THE EUROPEAN COMMISSION (EC) has said that using open standards could save the public sector €1.1bn a year.
The EC has long been in favour of using open source software, highlighting the benefits that governments that make the jump from closed source software enjoy. Now the commission has said that using open standards when buying IT systems could save the European public sector €1.1bn a year.
According to EC, working with open standards instead of simply going with one vendor, system or product can save taxpayers money. The commission warned however that many organisations do not have the knowledge required to decide which standards are relevant to them and have fears regarding the cost of change, which leads them to stay locked-in to closed standards and stick with one provider.
European Commission VP Neelie Kroes said, "Open standards create competition, lead to innovation, and save money. The guide issued today is here to help national authorities grab every opportunity for innovation and efficiency."
The EC added that its guide is intended to help organisations avoid vendor lock-in when purchasing new systems or even replacing existing systems that present lock-in with those that adhere to open standards.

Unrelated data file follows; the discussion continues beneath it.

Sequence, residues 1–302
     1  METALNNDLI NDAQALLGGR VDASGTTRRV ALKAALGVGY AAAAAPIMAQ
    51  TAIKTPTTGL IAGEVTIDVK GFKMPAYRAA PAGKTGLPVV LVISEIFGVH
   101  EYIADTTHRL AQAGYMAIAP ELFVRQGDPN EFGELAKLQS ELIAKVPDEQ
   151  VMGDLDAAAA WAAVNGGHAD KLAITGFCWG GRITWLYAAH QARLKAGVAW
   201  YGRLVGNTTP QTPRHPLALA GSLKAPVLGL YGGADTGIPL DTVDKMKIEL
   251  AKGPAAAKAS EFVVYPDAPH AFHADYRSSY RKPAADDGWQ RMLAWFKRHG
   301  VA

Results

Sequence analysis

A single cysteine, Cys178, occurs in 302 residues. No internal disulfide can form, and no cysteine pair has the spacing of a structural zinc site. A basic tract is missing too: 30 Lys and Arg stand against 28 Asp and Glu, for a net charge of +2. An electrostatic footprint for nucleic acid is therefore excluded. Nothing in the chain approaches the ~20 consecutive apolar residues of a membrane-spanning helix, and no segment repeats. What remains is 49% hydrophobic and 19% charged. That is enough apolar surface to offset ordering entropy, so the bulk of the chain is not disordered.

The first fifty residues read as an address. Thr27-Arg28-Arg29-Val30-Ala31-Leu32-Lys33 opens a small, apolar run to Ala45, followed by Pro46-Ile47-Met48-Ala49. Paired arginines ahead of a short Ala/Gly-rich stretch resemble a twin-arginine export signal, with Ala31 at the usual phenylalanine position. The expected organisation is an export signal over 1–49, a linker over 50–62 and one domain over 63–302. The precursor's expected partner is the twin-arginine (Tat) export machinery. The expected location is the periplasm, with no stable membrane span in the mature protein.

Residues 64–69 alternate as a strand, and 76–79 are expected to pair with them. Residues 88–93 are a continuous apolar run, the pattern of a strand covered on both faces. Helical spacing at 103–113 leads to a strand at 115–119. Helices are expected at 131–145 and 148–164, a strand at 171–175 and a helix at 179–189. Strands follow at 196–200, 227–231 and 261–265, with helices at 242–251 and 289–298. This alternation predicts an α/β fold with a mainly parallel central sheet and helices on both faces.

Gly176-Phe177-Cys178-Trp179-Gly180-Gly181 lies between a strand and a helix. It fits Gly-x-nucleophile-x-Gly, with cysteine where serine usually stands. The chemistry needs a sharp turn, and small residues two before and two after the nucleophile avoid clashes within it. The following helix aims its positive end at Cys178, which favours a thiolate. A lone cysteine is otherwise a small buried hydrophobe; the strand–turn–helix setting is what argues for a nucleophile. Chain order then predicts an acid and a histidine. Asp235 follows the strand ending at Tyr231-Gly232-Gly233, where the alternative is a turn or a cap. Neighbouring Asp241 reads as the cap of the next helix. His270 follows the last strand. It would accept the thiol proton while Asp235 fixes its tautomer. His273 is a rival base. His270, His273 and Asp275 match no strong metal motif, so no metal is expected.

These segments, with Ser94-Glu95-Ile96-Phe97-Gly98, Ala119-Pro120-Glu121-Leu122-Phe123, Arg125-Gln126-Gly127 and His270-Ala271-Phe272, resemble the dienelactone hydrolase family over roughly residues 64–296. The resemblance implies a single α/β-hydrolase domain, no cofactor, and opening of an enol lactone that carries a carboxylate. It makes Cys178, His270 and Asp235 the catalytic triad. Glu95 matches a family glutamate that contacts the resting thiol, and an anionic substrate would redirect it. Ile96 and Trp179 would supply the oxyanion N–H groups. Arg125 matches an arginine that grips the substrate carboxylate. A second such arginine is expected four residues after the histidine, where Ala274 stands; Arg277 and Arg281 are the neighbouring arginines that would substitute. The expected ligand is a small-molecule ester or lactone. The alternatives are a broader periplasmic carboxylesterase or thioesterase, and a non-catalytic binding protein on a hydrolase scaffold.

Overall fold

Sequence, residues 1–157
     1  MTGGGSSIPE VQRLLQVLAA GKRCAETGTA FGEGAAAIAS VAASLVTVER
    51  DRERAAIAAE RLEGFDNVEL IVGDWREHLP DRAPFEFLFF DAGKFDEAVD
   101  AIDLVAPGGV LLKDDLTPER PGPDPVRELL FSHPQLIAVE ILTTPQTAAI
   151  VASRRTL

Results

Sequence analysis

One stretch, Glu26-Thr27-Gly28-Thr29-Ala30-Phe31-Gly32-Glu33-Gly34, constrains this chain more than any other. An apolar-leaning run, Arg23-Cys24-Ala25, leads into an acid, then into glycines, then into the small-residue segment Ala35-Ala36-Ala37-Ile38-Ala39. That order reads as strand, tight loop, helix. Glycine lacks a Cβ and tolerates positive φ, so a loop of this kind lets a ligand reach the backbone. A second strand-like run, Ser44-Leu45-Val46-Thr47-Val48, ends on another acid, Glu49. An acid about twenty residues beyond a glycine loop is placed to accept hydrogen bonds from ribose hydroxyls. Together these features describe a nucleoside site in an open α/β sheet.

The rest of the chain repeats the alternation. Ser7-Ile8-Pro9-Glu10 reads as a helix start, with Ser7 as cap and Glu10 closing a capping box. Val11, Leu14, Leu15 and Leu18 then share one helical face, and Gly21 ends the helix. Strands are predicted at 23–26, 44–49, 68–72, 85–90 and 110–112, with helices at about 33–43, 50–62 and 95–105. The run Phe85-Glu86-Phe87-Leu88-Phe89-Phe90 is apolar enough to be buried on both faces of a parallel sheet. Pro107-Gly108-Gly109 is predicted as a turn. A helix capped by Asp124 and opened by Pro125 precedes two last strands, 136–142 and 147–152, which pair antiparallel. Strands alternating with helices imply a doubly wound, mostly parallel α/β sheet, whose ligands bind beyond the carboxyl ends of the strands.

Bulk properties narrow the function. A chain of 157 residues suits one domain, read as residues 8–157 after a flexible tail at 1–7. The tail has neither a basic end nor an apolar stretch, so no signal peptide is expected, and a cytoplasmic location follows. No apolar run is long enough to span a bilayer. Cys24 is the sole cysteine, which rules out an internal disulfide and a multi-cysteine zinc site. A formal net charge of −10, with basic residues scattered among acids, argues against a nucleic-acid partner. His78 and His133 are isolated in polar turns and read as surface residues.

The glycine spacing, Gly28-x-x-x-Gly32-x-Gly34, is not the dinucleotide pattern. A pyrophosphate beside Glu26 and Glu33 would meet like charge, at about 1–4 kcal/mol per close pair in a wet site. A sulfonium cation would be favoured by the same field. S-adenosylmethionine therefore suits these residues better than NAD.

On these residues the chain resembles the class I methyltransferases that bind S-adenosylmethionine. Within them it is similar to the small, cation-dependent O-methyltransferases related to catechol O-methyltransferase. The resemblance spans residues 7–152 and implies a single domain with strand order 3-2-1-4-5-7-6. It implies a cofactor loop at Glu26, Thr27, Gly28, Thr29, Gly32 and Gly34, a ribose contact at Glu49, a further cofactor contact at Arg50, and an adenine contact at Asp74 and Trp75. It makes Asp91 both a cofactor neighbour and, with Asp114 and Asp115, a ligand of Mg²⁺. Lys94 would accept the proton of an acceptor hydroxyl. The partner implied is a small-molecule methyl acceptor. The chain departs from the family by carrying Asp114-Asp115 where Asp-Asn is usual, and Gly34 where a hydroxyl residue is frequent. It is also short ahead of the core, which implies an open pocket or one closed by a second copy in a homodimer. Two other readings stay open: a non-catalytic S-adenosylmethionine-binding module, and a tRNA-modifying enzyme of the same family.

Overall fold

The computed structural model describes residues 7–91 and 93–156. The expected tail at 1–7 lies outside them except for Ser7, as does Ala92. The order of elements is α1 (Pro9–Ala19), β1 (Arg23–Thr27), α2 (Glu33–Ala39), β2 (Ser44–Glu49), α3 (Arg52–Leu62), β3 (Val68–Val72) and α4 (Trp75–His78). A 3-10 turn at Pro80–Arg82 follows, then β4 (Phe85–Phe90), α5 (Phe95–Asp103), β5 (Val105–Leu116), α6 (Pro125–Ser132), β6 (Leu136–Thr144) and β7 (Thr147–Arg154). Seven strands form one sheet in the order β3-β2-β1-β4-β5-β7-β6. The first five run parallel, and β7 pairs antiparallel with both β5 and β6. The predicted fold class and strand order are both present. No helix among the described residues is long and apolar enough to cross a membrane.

The EC's comments should serve as a stark warning to both hardware and software vendors that have relied on lock-in to keep generating government business, while open standards based software continues to be promoted at the highest levels of government.
Given the EC's estimate of €1.1bn a year savings that can be had from using open standards compliant software, it could be one cost-cutting measure that European governments might undertake that won't lead to public discontent. µ
Plus the cost of ambition as moonshots eat into the coffers
Spoiler alert: it's probably VeriSign
Did we say cuts off? We meant traps them inside their own home